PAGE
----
Cumberland and Viljiandi, in Estonia, recently adopted each other as sister cities.
Some people may ask, “What’s the big deal?” but we think it’s a good thing, for a variety of reasons.
One of them is that it’s always beneficial to make new friends, particularly when they once were at least potential enemies. Estonia — which is a democratic parliamentary republic and a highly developed country — was a part of the former Soviet Union.
Several of Maryland’s towns and cities have sister cities in Estonia, including Annapolis, Havre deGrace, Grantsville, McHenry, Oakland, Ocean City, Salisbury and Westminster. The state of Maryland considers Estonia one of its sister states.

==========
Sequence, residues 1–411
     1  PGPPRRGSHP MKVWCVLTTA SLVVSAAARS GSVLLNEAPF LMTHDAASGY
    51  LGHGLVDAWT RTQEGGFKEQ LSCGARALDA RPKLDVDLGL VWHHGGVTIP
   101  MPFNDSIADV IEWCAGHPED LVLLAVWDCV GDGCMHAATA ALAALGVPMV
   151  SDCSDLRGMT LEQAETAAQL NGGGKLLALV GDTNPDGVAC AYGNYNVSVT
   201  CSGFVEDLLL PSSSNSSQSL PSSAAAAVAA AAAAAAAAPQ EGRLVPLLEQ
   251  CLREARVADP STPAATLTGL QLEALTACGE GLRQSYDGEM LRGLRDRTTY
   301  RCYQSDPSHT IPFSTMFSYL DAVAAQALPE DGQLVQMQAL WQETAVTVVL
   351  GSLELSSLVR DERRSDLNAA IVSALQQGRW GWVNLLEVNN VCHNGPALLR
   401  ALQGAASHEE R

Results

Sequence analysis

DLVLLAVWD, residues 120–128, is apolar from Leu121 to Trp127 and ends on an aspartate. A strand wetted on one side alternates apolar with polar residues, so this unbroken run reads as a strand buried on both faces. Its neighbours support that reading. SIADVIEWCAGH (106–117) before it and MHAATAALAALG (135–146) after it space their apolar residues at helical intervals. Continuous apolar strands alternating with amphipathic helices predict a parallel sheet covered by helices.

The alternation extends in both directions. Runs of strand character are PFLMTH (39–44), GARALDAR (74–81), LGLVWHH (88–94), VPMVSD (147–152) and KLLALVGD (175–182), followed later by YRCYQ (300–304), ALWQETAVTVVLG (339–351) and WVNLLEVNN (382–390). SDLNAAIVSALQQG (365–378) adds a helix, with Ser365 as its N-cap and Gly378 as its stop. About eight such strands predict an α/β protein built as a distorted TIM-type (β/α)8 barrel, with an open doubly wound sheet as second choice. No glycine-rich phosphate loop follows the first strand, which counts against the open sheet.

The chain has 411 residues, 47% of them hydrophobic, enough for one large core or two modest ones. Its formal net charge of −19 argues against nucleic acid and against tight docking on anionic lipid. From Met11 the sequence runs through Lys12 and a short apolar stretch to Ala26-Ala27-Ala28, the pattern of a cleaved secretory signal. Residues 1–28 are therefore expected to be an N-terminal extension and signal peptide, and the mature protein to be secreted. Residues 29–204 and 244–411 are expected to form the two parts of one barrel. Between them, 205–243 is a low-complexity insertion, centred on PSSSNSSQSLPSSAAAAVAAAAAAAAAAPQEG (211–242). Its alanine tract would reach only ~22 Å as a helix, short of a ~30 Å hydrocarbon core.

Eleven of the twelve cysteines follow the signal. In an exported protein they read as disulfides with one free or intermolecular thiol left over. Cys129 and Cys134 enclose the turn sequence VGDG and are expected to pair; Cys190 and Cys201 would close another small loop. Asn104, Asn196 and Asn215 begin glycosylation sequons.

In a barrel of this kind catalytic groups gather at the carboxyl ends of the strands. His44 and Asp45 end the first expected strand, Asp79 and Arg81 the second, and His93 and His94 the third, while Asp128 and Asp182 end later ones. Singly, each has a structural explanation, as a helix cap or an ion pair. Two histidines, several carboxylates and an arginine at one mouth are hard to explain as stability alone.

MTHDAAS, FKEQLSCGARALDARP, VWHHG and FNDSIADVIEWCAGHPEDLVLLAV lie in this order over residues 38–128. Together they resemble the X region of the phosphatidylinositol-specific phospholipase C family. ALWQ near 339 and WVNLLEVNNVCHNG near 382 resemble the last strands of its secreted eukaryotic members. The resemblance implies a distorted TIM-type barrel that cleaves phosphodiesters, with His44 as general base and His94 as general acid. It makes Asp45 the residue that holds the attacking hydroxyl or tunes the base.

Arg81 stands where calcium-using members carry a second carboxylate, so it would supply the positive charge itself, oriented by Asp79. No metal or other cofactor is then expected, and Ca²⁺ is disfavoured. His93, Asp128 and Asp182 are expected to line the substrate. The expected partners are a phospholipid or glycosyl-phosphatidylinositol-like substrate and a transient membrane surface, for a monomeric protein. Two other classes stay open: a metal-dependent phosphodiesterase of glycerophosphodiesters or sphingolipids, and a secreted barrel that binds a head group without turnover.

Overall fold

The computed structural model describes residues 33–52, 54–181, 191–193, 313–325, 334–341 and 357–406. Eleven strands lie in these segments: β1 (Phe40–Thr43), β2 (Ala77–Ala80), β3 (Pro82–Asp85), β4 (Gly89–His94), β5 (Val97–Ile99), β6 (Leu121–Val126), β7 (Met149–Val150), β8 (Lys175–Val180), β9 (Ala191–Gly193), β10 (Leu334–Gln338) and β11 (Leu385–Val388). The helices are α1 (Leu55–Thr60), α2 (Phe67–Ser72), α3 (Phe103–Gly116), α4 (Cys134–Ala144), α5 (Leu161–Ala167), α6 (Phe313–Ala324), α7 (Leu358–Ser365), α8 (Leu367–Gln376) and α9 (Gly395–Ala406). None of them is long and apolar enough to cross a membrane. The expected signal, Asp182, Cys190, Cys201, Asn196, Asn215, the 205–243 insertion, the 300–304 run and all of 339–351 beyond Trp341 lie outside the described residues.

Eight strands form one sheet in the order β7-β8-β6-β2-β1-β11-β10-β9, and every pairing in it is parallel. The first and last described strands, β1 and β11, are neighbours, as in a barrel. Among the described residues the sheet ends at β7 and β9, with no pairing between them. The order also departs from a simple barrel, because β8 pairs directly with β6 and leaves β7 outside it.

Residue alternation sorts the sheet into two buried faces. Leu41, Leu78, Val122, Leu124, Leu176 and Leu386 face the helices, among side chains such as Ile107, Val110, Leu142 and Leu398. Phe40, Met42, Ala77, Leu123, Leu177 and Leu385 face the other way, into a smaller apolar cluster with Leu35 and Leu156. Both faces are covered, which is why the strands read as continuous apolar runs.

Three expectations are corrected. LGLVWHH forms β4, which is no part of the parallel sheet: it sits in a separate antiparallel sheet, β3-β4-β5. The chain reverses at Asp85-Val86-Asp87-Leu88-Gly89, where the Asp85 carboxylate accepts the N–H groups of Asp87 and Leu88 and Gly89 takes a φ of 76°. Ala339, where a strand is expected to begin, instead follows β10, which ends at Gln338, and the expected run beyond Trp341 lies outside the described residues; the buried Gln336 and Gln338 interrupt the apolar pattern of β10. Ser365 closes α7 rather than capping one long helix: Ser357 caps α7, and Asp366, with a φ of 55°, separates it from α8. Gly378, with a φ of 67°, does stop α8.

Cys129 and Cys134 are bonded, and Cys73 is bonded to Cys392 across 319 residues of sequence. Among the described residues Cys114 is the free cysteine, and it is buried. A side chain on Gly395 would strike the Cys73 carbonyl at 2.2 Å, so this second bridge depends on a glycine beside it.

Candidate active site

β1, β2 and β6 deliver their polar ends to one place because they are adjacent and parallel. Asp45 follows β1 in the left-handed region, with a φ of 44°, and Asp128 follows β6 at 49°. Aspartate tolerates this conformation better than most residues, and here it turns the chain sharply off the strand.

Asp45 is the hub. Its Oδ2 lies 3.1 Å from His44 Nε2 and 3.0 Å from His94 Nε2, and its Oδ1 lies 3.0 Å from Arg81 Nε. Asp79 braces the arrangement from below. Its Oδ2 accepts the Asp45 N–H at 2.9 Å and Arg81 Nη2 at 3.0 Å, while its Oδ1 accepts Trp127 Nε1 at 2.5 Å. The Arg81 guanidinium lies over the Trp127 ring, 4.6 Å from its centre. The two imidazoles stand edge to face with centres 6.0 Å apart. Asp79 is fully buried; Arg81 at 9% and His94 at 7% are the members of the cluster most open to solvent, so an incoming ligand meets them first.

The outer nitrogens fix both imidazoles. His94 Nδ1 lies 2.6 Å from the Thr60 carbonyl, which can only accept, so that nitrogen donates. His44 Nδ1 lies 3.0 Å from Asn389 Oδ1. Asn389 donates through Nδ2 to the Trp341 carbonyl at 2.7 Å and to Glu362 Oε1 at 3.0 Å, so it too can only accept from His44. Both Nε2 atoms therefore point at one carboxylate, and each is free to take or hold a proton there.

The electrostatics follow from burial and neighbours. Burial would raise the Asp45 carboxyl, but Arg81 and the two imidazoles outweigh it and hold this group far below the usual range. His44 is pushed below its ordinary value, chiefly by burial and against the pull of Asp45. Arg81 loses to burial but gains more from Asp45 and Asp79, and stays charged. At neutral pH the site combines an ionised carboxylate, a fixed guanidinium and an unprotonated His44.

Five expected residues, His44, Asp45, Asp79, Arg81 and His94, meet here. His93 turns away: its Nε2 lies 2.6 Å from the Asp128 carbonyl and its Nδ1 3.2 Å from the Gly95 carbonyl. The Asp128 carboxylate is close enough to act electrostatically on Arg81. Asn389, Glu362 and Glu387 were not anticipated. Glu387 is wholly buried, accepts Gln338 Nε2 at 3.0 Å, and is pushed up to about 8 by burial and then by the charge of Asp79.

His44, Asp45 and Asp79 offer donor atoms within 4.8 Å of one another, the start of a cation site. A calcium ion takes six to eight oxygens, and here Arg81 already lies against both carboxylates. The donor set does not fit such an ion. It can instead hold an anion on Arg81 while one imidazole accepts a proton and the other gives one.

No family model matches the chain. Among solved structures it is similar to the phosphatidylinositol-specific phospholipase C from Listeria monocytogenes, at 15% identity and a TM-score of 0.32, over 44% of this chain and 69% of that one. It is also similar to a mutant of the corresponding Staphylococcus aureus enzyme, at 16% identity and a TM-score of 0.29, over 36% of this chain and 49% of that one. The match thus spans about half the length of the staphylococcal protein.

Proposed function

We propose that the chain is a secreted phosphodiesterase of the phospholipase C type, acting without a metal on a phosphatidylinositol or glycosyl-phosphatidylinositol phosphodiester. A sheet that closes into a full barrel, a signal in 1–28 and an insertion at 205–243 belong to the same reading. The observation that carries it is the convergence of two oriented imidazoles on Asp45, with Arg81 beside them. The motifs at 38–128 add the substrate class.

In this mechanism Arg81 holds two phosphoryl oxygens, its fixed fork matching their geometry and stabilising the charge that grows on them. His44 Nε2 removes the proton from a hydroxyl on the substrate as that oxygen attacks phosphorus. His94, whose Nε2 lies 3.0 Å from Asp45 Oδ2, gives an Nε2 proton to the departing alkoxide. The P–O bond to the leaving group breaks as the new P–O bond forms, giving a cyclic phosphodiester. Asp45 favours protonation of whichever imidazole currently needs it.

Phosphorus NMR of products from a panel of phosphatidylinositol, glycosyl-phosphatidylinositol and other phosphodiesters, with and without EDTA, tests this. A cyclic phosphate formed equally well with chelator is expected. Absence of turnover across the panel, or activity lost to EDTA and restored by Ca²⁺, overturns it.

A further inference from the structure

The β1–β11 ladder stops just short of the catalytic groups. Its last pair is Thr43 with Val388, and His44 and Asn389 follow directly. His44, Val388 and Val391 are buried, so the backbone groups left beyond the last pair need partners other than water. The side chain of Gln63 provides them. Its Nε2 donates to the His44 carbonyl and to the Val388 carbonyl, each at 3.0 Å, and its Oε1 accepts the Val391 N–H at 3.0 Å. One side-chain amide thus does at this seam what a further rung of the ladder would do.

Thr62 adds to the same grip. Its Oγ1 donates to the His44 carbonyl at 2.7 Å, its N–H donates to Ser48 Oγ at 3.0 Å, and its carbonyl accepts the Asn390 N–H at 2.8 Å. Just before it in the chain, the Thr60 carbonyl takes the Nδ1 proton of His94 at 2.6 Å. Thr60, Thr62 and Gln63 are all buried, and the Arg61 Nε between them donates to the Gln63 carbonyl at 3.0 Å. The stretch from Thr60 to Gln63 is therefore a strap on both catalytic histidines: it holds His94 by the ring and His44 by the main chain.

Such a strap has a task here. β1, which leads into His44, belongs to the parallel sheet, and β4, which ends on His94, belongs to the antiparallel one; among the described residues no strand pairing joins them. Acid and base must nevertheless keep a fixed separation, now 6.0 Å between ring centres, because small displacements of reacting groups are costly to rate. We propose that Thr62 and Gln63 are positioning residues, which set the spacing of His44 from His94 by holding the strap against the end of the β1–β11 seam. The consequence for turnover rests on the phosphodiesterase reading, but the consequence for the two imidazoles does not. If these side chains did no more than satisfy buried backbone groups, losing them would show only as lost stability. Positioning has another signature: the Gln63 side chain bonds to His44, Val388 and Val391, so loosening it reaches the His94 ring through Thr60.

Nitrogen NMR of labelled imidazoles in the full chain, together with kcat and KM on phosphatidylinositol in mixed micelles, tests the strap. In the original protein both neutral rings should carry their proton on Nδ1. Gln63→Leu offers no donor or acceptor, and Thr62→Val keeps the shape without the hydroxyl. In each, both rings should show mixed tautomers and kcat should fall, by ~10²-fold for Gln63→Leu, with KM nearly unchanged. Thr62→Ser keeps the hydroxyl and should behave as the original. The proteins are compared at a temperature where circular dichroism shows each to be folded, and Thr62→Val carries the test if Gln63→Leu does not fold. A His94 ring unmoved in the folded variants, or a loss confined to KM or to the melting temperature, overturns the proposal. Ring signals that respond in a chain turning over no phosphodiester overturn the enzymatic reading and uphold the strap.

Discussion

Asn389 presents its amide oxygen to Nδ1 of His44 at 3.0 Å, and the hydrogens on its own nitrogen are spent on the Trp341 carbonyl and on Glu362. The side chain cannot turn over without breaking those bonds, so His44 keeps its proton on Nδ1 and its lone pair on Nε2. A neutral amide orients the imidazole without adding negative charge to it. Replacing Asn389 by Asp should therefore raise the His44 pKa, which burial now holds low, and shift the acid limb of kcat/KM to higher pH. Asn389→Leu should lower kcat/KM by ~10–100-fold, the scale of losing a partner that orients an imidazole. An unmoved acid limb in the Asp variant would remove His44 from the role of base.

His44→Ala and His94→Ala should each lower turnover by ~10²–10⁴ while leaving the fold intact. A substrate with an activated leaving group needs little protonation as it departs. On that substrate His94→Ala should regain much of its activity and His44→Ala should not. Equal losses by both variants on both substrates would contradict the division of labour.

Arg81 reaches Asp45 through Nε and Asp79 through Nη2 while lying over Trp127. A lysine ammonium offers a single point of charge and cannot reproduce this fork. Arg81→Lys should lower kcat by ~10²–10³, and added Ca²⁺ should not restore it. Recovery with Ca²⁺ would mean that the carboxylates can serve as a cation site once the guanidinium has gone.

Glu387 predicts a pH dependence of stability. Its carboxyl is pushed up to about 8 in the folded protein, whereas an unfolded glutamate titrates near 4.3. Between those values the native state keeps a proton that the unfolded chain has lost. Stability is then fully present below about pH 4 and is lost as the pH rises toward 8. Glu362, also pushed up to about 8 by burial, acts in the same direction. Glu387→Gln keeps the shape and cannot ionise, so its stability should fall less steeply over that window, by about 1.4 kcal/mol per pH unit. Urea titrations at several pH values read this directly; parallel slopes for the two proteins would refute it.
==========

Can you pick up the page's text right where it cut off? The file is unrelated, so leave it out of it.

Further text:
All that came about as the result of a military program established in Estonia by the Maryland National Guard in 1993, after Estonia gained its independence from the USSR.
Sister city relationships generally benefit both parties, and there are hundreds across America. The degree to which they are practiced varies — as it does with human families.
The benefits may be numerous. Representatives of sister cities can work together on cultural, governmental or economic matters, or just visit each other on a social basis now and then.
Estonia ranks high in term of individual income, civil liberties, education and freedom in general.
Sounds to us like a good friend to have.